Mohammed Huwais, AFP/Getty Images
Somalia hadn’t had a case of polio for nearly six years. But in the past few months, the virus has come back. Now the East African country has the worst polio outbreak anywhere in the world.
Twenty new cases of polio were reported this week in Somalia by the Global Polio Eradication Initiative. That brings the total number of cases in the Horn of Africa to 73. The rest of the world combined has tallied only 59 cases so far this year.
Health workers are worried that the virus could gain a foothold in the Horn of Africa and jeopardize the multibillion-dollar effort to wipe out the virus worldwide.
Until this recent outbreak, global efforts to eradicate polio appeared to be making remarkable progress. Last year the number of children paralyzed by polio hit a record low at 223.
This year it was looking like there were going to be even fewer cases. The last significant pockets of the virus appeared to be isolated in Afghanistan, Pakistan and Nigeria.
Then in May, a 2-year-old girl in Mogadishu became the first confirmed case of polio in Somalia in more than six years.
The number of polio cases in Somalia is increasing by the day, says Dr. Nasir Yusuf, who leads UNICEF’s immunization efforts in eastern and southern Africa.
Part of the problem, he says, is that the majority of children in Somalia have never been immunized against polio. “We have an outbreak in a population that has been quite vulnerable for quite some time,” Yusuf says.
Somalia has the second worst rate of polio vaccination in the world after Equatorial Guinea, according to the World Health Organization.
In response to the current outbreak, there have been five emergency polio immunization campaigns in Somalia since May. The Somali government directs the campaigns, but it doesn’t control or have access to vast swaths of the country. Some of the most recent polio cases have occurred in areas that are considered off limits to vaccination teams.
Underscoring the lack of security in the region even for health workers, two health workers with Doctors Without Borders were freed this week after having been held hostage in Somalia for almost two years. The women had been working in the Dadaab refugee camp in Kenya, where eight new polio cases were reported in May.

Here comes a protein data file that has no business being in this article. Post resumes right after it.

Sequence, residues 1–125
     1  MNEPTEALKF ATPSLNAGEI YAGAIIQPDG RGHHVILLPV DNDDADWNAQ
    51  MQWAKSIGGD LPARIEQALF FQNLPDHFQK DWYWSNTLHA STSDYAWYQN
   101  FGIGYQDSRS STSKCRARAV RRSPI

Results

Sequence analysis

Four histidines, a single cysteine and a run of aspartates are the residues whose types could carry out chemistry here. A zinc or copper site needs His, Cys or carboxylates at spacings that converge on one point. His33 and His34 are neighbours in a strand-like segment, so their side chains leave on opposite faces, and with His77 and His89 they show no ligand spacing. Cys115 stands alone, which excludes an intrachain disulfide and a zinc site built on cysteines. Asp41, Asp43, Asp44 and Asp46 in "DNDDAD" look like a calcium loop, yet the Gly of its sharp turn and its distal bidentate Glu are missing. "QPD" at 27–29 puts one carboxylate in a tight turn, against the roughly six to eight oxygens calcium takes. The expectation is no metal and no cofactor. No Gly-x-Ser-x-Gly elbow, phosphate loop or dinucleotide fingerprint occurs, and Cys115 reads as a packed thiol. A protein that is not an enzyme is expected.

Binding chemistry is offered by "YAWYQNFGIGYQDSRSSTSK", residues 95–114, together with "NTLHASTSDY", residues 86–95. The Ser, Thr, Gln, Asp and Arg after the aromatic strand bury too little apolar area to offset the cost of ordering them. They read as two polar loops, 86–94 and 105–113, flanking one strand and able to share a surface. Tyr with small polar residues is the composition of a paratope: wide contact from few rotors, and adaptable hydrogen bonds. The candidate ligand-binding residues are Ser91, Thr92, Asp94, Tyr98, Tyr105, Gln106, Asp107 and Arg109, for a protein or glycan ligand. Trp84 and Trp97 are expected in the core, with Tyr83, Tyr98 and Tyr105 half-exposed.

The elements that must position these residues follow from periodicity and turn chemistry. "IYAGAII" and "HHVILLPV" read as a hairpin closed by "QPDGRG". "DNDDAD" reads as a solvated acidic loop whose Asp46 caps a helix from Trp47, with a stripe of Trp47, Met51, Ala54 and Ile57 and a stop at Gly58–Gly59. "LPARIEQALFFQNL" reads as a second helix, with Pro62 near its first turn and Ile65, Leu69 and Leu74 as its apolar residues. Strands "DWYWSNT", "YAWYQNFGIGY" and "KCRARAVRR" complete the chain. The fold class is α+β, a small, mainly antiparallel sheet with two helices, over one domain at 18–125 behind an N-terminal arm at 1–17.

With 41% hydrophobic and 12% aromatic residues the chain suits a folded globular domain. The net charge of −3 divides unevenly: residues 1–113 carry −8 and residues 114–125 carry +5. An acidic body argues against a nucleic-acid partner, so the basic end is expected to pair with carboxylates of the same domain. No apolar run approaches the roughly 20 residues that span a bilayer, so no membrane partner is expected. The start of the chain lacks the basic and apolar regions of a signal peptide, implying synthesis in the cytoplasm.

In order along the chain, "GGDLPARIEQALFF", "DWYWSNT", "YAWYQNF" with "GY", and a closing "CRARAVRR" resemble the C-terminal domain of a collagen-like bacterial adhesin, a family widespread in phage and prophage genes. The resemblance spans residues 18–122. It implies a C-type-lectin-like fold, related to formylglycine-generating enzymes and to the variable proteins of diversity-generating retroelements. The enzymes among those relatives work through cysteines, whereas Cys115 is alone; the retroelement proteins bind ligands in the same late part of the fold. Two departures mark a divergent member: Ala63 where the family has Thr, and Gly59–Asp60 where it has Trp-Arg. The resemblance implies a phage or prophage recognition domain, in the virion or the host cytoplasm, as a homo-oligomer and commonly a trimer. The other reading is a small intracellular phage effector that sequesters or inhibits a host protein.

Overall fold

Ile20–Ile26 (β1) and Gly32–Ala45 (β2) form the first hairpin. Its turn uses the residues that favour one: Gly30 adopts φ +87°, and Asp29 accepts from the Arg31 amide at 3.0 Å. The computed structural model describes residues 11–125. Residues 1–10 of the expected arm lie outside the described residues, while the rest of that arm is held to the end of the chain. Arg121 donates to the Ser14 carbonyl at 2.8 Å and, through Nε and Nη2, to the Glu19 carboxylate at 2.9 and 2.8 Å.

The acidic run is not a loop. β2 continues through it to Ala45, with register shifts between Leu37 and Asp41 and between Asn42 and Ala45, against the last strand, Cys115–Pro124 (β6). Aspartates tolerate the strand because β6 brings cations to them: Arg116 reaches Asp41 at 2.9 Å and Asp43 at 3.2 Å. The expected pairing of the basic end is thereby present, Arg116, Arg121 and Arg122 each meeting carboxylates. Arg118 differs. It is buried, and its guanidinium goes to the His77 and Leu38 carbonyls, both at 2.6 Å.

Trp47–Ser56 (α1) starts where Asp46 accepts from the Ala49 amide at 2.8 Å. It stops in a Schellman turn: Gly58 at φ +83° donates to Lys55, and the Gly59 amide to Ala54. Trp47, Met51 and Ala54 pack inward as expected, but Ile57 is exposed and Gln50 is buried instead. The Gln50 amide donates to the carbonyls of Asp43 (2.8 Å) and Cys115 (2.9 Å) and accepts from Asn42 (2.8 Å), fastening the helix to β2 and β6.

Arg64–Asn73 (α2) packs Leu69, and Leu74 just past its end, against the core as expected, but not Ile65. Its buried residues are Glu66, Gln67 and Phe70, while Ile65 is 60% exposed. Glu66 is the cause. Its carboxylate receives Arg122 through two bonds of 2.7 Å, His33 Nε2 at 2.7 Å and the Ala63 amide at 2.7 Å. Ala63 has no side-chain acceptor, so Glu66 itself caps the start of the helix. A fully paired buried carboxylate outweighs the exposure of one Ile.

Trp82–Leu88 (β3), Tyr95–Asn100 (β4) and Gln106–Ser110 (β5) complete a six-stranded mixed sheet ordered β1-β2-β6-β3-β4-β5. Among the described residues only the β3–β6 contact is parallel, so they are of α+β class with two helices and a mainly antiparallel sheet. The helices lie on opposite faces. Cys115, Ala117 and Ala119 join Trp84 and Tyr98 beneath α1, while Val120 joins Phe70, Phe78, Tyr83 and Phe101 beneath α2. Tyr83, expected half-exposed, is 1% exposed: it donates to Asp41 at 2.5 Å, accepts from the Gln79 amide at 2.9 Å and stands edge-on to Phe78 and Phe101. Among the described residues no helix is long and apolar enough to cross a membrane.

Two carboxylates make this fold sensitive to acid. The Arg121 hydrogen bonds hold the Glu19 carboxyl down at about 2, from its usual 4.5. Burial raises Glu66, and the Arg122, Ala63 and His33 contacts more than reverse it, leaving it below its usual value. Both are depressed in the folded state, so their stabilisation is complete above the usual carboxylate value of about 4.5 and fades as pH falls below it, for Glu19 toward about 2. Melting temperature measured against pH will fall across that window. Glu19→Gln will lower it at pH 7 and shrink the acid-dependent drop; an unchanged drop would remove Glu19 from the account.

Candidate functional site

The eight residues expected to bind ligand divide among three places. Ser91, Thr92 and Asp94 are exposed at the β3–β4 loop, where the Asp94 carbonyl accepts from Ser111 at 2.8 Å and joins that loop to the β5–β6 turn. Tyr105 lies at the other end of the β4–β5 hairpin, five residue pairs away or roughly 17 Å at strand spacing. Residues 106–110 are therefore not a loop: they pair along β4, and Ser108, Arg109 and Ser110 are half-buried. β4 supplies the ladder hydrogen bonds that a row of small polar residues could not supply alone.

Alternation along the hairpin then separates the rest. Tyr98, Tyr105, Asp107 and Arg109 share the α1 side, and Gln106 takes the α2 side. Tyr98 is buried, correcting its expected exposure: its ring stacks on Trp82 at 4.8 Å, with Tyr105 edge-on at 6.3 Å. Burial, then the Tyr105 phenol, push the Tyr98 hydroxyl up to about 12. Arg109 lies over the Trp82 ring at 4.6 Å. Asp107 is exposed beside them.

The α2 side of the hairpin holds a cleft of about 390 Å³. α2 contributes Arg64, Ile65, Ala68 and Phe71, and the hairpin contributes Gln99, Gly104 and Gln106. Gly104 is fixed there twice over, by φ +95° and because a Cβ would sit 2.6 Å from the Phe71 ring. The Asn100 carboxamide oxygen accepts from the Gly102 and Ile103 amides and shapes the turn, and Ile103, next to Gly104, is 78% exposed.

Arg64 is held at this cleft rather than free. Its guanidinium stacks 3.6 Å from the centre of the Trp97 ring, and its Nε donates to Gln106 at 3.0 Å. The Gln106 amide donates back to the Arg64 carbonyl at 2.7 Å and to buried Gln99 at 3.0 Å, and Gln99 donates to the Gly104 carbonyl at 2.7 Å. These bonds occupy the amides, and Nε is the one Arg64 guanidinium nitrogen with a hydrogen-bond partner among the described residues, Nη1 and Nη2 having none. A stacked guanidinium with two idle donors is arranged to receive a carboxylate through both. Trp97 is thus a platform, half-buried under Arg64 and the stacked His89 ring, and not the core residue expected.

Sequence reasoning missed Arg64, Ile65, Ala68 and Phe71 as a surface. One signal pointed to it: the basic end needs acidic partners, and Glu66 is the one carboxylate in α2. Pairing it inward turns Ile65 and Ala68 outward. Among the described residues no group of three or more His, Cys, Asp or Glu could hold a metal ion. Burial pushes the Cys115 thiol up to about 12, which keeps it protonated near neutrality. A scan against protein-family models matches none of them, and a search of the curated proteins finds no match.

The current outbreak is forcing governments throughout the region, including parts of the Middle East, to launch supplemental vaccination drives, Yusuf says, because polio is capable of spreading quickly.
“A week after the virus was reported in south central Somalia, one of the viruses got into the Somali refugee camp in the most eastern part of Kenya,” he says. “So that tells you how fast this virus made it.”
The virus reproduces inside the human gut, and many people carry it but show now symptoms. This give the virus the opportunity to travel long distances inside people and then get shed into the environment through feces.
The World Health Organization traced the poliovirus in Somalia to one in West Africa. Nigeria is the only place there where polio is still endemic.
Before these cases in the Horn of Africa, the end of the multibillion-dollar effort appeared to be in sight.
The Somali outbreak is now forcing UNICEF, the WHO and other international agencies to dedicate vast resources to boost polio vaccination coverage throughout East Africa and parts of the Middle East. Those are resources that can’t be used to attack the virus in Afghanistan, Pakistan and Nigeria — which appeared, until now, to be the last few places where polio had a foothold.